* India keeps policy repo rate at 8 pct
* RBI cuts banks' bond holding rules by 50 bps to 22.5 pct
* Says further tightening may not be warranted
(Updates with quotes, details, background)
By Suvashree Dey Choudhury and Rafael Nam
MUMBAI, June 3 India's central bank governor
Raghuram Rajan on Tuesday eased rules to spur bank lending and
toned down his inflation rhetoric in moves set to be welcomed by
a new pro-business government determined to revive economic
The Reserve Bank of India, which kept interest rates on hold
at 8 percent as widely expected, also hinted it would not raise
rates as long as inflationary pressures continued to ease.
The loosening in credit and the central bank's surprisingly
dovish remarks on inflation will put the onus on the new
government to stick to conservative fiscal spending and broader
reforms to get Asia's third-largest economy back on track,
The decisions from the RBI were widely seen as pragmatic
moves. Rajan has placed fighting inflation at the top of his
agenda, for which he will need the support of Narendra Modi,
India's popular new prime minister.
In turn, investors are hopeful the new government will
respond by narrowing the fiscal deficit and tackling the
supply-side factors that drive up food inflation in India, thus
easing the burden on the poor and restoring investors'
"If the economy stays on this course, further policy
tightening will not be warranted," Rajan said in the RBI
statement, referring to the moderating inflation trend.
The central bank governor added that the Modi-led victory in
elections last month could help "create a conducive environment
for comprehensive policy actions and a revival in aggregate
demand as well as a gradual recovery of growth."
The governor's dovish tone on inflation sparked a rally in
bonds and raised expectations the central bank could even ease
monetary policy as early as this year.
The benchmark 10-year bond yield was trading
at 8.60 percent at 0930 GMT, down 13 basis points from the day's
high after earlier hitting a more than four-month low. The yield
had closed at 8.66 percent on Monday.
Rajan's increased comfort on consumer price inflation -
which cooled in 2014 from the near 10 percent level in the two
previous years - could allow him to take steps to improve growth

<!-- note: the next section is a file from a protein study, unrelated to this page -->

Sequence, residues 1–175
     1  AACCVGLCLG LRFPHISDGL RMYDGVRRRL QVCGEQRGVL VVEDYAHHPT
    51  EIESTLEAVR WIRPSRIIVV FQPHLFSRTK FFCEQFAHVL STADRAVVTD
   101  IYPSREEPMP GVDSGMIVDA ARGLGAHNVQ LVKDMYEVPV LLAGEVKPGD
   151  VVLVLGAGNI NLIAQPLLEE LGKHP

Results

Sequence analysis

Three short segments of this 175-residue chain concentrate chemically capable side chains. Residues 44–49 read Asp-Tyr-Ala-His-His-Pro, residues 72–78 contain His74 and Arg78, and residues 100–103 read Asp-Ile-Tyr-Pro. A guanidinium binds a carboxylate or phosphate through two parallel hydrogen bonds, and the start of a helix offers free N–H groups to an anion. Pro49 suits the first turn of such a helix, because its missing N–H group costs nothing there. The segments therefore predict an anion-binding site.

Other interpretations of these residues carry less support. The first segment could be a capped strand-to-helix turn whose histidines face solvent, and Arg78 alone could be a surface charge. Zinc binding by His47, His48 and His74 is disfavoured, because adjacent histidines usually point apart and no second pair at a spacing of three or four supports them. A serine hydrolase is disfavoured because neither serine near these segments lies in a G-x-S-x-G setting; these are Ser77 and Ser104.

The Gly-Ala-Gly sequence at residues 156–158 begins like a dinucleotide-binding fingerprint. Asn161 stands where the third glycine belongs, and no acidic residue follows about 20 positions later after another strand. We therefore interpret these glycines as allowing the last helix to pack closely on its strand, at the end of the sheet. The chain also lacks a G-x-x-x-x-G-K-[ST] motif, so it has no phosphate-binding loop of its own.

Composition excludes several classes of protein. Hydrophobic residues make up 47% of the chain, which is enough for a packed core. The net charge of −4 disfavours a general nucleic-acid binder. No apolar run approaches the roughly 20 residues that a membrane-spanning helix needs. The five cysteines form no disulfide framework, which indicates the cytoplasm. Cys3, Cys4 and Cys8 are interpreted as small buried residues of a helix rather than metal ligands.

after raising interest rates by a total of 75 basis points since
September. Its last tightening move was in January.
Analysts say a concerted effort by the government could help
the RBI meet its target to bring down CPI inflation to 8 percent
by January 2015 and 6 percent the following year.
Although the RBI has a wide latitude in setting monetary
policy, it is not statutorily independent and has to consult
with the finance minister before taking a decision.
On Tuesday, the RBI supported the Modi government in
bolstering growth by enhancing credit available by banks.
The RBI announced a reduction in the mandatory amount of
bonds lenders must park at the central bank - called the
statutory liquidity ratio (SLR) - by 50 basis points to 22.5
percent of deposits, starting in mid-June.
The RBI also reiterated its focus on further developing
money markets as a key way to ensure cash in the banking system
flows to productive sectors, moving away from its piecemeal
approach to injecting liquidity or to specific sectors.
Among the measures on Tuesday, the RBI reduced the liquidity
provided to exporters while pledging to provide additional cash
via term repos - or cash for loan transactions.
"The central bank is aware that the economy needs an impetus
and the RBI is ensuring through its measures today that
liquidity remains a potent tool to revive growth in the real
economy," said Soumya Kanti Ghosh, chief economic adviser at
State Bank of India.
It also relaxed rules on overseas remittances, allowing
Indians to move up to $125,000 from $75,000 after the exchange
rate stabilised. The central bank also allowed foreign investors
to participate in domestic exchange traded currency derivatives.
The Royal Bank of Scotland said in a research note the
increase in annual remittances and trading rules reflected the
RBI's confidence on India's external position.
The concerted efforts by Rajan are likely to be welcomed by
Modi and his government, after the Bharatiya Janata Party
trounced the Congress party in elections last year with a pledge
to create jobs and revive an economy that has grown below 5
percent for two consecutive years.
But Modi, and his finance minister Arun Jaitley, will need
to deliver as they face a slew of potentially competing
challenges, from containing price pressures to upholding fiscal
A key signal of its intentions will be known mostly in July
when the new government is set to unveil a new budget.
(Editing by Jacqueline Wong)